Patrice Diggin speaks with a relaxed enthusiasm which belies the perilous situation which her club finds itself in ahead of this weekend's All-Ireland final.
One of Clanmaurice's main aims for Sunday's AIB All-Ireland Junior Club Camogie Championship final against Westmeath champions Raharney is simply to start the game with 15 players on the field. That would be one more than the Kerry club had for the entirety of December's semi-final victory over Athleague.
An already small squad has been hit hard by Covid-19. In an aim to cover all bases, Liz Houlihan - who captained the team to the 2019 title, and is currently heavily pregnant - was on the sideline against Athleague ready to come on should she be needed.
"All was fine until the Friday night," Diggin tells Balls about the semi-final.
"We had 15, and our captain then unfortunately got Covid. I think it was her husband who initially had the symptoms, and then they both got rapid tested the following morning. Unfortunately, they were both positive. It was something we had to overcome.
"We were flicking through rulebooks to see if we could play with the 14. We were making phone calls. We weren't going to give a walkover. Liz Houlihan, who is actually pregnant at the minute, and she was togged out the last day, ready to come on in case we needed 15 to finish the game.
"I remember underage, you might be scraping the 13. You might do it in a club league game, but for it to happen in an All-Ireland semi-final, I don't know if it's ever been done before. We were determined to do it for Elaine [Ryall], our captain, to make sure she got another game."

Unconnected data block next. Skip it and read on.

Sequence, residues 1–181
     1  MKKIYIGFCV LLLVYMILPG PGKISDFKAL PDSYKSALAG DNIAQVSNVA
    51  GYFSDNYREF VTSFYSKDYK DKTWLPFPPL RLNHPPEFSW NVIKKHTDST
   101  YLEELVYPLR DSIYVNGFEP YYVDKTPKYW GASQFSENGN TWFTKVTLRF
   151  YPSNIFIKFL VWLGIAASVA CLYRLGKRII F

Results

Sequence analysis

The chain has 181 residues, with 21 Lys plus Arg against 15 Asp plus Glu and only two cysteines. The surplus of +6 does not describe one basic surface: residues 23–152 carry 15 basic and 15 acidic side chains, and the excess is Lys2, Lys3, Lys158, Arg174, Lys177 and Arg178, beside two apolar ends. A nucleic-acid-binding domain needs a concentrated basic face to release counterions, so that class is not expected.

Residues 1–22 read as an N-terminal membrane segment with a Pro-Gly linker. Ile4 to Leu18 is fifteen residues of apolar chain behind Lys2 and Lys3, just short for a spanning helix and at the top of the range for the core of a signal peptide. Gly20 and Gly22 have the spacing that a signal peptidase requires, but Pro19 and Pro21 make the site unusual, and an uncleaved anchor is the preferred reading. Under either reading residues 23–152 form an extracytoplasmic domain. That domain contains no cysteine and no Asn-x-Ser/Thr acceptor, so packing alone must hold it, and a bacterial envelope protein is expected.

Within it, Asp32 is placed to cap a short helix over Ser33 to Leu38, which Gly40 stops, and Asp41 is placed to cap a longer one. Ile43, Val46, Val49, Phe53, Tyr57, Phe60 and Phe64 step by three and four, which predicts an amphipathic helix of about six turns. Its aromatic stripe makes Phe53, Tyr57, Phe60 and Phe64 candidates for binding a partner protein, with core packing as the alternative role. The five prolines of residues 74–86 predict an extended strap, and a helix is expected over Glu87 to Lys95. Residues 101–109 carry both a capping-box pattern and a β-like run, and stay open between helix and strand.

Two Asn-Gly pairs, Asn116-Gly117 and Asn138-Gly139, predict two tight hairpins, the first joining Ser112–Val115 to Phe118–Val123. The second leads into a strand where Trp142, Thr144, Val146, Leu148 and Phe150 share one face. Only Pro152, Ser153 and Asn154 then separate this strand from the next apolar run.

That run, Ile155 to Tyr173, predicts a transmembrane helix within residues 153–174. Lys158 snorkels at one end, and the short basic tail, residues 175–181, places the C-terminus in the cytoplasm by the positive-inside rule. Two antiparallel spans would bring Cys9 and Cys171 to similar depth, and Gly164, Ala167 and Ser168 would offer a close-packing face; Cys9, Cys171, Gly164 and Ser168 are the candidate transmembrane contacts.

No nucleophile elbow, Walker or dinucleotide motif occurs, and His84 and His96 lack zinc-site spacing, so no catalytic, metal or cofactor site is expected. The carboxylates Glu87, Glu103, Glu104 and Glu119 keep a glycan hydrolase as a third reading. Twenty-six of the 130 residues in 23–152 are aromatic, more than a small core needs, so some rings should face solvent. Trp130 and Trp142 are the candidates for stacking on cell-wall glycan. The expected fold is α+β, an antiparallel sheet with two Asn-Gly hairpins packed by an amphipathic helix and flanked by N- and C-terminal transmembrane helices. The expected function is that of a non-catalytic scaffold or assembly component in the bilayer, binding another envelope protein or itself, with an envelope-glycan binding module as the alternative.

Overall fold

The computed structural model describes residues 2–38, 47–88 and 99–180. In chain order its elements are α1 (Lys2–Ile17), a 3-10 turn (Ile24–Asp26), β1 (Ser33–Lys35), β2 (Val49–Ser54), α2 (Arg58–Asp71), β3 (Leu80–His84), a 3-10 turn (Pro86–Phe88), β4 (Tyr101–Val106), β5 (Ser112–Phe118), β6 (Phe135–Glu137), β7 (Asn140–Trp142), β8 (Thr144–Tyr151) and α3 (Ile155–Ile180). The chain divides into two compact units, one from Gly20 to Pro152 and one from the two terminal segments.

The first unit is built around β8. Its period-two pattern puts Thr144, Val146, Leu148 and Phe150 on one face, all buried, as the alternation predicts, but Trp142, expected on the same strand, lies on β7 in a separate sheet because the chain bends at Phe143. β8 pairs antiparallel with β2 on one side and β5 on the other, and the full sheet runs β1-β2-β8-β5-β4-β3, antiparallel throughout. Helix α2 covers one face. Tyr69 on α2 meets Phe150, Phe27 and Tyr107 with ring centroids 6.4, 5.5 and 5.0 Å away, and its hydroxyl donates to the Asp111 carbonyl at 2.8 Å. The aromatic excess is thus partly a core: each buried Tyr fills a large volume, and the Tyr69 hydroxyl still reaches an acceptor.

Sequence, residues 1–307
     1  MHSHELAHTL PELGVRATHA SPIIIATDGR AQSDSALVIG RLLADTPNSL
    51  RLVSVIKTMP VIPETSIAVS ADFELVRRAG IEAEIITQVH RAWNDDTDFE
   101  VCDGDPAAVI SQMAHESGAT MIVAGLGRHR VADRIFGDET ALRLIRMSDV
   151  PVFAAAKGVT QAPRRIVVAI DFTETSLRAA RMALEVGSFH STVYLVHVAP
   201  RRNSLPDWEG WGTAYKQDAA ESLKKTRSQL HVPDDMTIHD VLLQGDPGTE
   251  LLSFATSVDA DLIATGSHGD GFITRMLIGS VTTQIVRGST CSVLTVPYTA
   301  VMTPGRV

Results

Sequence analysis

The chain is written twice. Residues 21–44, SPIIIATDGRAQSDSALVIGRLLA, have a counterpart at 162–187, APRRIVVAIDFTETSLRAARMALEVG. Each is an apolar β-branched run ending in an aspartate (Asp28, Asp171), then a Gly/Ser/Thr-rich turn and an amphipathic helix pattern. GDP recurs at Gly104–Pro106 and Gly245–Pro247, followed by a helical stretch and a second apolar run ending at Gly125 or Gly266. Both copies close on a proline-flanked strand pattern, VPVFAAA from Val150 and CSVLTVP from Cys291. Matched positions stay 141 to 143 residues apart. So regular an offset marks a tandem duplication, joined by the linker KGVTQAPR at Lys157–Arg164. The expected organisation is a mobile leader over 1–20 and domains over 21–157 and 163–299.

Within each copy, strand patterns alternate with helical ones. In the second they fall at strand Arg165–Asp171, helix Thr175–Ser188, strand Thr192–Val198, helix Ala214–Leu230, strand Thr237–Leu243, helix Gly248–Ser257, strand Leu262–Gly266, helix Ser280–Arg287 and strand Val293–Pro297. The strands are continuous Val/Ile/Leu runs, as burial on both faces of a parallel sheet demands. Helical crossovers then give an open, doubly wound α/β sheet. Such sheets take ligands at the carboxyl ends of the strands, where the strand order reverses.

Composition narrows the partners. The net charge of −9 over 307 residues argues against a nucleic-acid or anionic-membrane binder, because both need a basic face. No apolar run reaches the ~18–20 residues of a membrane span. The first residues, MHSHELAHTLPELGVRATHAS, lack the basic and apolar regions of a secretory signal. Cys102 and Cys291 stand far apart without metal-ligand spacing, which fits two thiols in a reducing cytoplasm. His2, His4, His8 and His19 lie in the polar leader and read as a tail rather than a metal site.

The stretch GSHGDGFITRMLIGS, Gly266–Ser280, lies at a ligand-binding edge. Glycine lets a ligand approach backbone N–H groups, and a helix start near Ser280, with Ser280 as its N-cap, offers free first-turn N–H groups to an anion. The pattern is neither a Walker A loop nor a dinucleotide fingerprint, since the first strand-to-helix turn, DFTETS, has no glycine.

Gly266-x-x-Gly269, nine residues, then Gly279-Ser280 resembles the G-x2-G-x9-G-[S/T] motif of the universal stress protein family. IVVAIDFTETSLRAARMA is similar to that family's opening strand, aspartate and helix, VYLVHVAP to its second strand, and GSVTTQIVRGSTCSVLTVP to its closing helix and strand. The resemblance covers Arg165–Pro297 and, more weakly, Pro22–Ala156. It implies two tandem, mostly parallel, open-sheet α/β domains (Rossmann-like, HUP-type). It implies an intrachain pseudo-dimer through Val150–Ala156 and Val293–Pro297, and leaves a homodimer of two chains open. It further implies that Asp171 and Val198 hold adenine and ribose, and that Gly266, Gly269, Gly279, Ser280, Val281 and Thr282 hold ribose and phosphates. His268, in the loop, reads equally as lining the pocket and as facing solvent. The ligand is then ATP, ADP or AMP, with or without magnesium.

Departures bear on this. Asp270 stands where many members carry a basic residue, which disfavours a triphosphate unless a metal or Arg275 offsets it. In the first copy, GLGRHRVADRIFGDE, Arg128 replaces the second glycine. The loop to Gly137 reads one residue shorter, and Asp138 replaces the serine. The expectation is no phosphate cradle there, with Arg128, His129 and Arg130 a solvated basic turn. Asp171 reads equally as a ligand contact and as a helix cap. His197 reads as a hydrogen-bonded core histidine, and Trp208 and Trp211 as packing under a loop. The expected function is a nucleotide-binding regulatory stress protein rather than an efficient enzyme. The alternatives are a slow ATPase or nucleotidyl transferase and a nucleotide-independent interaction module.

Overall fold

Despite their depleted numbers, Clanmaurice won the game by eight points. Diggin contributed seven from midfield.
"I've never gone into a game as relaxed," she says.
"Because we only had 14, it was a came of we had nothing to lose at that stage. We probably went into the game thinking we were going to be hammered.
"We were just totally relaxed going out onto the field. We were laughing and messing. The warm-up was like something from D'Unbelievables. You would never have said there was an All-Ireland semi-final to be played.
"We turned around and played the game of our lives. Maybe there's something to be said for it."
Covid is not the only issue which has deprived Clanmaurice of players. Sunday's game is the 2020 final, and only players who were registered for that competition can be selected.
"I suppose we're not too impressed with that because we're playing 2021 rules, and we can't see why we can't play our 2021 players," says Diggin.
"There are two girls in particular: Olivia Dineen and Julianne O'Keefe. They were part of the team that won the All-Ireland in 2019, have always been part of the club. We were a week out from a Munster final, and had to tell them that they couldn't play because they weren't registered. Olivia was pregnant the year before.
"It was disheartening for those girls. They're still coming to training. They're preparing for 2021. Even Sunday, it's going to be hard for them. They're still at training, they're still on the sideline with us but it's just gutting that they can't play."